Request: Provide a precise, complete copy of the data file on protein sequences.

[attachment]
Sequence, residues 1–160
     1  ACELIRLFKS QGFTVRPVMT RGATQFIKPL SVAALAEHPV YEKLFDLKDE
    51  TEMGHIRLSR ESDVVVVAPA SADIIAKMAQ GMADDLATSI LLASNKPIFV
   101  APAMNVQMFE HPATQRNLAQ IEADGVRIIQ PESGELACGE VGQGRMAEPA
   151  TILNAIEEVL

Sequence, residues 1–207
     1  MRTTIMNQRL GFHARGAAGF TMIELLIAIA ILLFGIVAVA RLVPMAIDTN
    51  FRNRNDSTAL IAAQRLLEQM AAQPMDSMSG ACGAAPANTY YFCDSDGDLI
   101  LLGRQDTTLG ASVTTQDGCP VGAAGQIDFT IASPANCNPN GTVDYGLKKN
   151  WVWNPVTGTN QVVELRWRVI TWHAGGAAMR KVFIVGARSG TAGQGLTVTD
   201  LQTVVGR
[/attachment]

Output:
Sequence, residues 1–160
     1  ACELIRLFKS QGFTVRPVMT RGATQFIKPL SVAALAEHPV YEKLFDLKDE
    51  TEMGHIRLSR ESDVVVVAPA SADIIAKMAQ GMADDLATSI LLASNKPIFV
   101  APAMNVQMFE HPATQRNLAQ IEADGVRIIQ PESGELACGE VGQGRMAEPA
   151  TILNAIEEVL

Sequence, residues 1–207
     1  MRTTIMNQRL GFHARGAAGF TMIELLIAIA ILLFGIVAVA RLVPMAIDTN
    51  FRNRNDSTAL IAAQRLLEQM AAQPMDSMSG ACGAAPANTY YFCDSDGDLI
   101  LLGRQDTTLG ASVTTQDGCP VGAAGQIDFT IASPANCNPN GTVDYGLKKN
   151  WVWNPVTGTN QVVELRWRVI TWHAGGAAMR KVFIVGARSG TAGQGLTVTD
   201  LQTVVGR